For a diagonal
the solution of Eq. 6 is just a division by
which requires very little effort. For the
non-local
operator, a matrix equation has to be solved at each step in
order to compute
. For the nearest neighbor operator the matrix
structure is that of a sparse band matrix where the bandwidth of the matrix is
proportional to the square of the maximum number of points along a coordinate
and there are a total of 27 non-zero entries in every column of the matrix.
This system can be solved by any suitable method. For example, we have
implemented a solver based on `LAPACK` (Anderson et al., 1992) routines. Although this solver works
fine for small grids [ voxels with a bandwidth of 1123], the memory
requirements rise beyond available single-CPU limits with already only voxels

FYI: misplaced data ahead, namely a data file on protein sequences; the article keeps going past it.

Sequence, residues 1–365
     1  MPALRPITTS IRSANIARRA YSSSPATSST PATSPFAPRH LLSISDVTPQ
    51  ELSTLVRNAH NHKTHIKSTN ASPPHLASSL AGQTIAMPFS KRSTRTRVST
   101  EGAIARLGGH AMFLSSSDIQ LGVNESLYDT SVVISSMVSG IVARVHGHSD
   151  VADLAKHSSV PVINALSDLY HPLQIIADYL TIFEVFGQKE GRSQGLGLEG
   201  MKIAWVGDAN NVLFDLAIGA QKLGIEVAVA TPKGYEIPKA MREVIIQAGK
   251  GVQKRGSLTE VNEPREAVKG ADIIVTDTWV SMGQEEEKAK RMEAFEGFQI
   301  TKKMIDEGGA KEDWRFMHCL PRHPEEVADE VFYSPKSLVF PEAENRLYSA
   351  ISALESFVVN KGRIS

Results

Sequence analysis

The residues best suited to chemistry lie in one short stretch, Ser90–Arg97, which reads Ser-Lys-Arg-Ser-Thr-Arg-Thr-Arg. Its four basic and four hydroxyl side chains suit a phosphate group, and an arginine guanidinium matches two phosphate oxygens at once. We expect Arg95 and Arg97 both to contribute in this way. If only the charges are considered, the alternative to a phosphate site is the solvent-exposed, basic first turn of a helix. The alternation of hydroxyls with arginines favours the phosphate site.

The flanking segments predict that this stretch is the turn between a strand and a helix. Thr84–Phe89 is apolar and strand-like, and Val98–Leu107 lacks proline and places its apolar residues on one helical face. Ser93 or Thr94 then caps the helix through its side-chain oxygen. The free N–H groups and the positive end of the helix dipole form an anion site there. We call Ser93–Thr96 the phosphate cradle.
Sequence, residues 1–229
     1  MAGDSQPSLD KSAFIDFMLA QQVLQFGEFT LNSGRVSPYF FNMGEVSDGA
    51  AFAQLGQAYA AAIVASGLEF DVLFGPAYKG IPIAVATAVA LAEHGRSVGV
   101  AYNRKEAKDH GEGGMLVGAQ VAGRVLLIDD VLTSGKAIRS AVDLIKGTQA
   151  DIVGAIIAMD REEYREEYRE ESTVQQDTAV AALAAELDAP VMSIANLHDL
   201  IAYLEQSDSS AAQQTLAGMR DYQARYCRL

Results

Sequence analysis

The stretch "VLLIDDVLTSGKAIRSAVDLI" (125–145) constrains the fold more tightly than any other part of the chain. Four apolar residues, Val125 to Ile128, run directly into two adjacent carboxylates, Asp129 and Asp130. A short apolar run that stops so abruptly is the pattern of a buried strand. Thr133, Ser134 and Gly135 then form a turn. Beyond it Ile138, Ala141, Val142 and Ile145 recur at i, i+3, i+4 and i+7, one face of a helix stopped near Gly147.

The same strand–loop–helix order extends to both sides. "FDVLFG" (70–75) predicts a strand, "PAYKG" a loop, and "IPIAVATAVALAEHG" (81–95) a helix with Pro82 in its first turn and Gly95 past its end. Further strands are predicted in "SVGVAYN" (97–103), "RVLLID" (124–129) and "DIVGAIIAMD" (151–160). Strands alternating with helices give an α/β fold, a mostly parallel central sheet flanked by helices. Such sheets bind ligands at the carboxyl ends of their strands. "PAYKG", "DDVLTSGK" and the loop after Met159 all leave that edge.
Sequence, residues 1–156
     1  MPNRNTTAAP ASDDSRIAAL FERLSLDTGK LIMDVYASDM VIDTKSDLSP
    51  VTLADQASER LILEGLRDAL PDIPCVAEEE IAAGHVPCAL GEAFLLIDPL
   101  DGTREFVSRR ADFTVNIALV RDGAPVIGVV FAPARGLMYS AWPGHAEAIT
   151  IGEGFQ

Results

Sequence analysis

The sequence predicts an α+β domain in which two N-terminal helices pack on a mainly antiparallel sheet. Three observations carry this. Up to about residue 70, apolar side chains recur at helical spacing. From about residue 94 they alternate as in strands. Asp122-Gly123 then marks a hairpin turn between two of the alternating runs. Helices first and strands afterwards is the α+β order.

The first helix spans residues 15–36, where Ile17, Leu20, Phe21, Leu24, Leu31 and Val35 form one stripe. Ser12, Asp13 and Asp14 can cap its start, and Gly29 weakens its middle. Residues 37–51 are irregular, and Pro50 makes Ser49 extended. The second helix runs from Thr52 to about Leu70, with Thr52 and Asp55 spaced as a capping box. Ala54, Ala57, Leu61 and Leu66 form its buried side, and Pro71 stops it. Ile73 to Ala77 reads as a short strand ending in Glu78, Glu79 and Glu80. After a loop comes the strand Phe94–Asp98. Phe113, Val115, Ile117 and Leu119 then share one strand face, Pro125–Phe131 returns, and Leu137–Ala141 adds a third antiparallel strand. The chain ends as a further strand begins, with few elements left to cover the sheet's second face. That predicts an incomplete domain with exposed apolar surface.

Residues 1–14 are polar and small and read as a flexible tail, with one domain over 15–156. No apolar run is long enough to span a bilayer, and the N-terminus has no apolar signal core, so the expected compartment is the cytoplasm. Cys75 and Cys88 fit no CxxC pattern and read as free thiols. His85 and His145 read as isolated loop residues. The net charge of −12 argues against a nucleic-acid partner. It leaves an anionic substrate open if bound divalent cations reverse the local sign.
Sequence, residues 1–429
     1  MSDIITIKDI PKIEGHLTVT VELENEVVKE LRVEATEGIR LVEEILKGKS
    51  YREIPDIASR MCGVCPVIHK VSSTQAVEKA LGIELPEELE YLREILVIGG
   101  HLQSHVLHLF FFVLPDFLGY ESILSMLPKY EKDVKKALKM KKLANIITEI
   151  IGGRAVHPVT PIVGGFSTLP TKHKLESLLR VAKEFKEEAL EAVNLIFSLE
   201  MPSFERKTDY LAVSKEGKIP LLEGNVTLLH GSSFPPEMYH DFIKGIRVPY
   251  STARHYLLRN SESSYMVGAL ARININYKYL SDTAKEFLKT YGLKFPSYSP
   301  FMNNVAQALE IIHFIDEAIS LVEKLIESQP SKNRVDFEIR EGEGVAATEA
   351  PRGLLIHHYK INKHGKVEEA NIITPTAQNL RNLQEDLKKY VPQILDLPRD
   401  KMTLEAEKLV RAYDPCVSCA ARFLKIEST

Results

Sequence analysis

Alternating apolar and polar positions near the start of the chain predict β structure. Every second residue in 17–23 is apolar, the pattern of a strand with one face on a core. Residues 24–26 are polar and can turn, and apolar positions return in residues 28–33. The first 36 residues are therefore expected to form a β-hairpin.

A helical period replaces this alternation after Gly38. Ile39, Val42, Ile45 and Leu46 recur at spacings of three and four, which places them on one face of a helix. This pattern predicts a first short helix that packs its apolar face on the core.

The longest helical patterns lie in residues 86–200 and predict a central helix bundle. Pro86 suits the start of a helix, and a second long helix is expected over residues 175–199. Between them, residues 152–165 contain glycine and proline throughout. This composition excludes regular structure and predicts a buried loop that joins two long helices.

with a bandwidth of 4291. For a more realistic grid of voxels the
bandwidth is more than 250,000. Therefore, a standard band matrix solver is
only useful for comparison and testing on very small grids. Other sparse
matrix solvers (for example, Xiaoye & Demmel, 2003) have similar memory
scaling properties.

As an alternative to direct solutions of Eq. 6 we have implemented
iterative solvers. These solvers have the huge advantage that their
memory requirements are minimal to modest. In addition, they can be
tailored to the special format of the matrix in Eq. 6 which makes
coding the methods very simple.
We obtained extremely good results with
the Jordan and the Gauss-Seidel methods, which converge rapidly to a
relative accuracy of . For either method, Ng acceleration
turned out to be very useful, reducing the number of iterations significantly.
In addition, the Rapido method (Zurmühl & Falk, 1986) which was constructed to solve
systems of the form

(27) |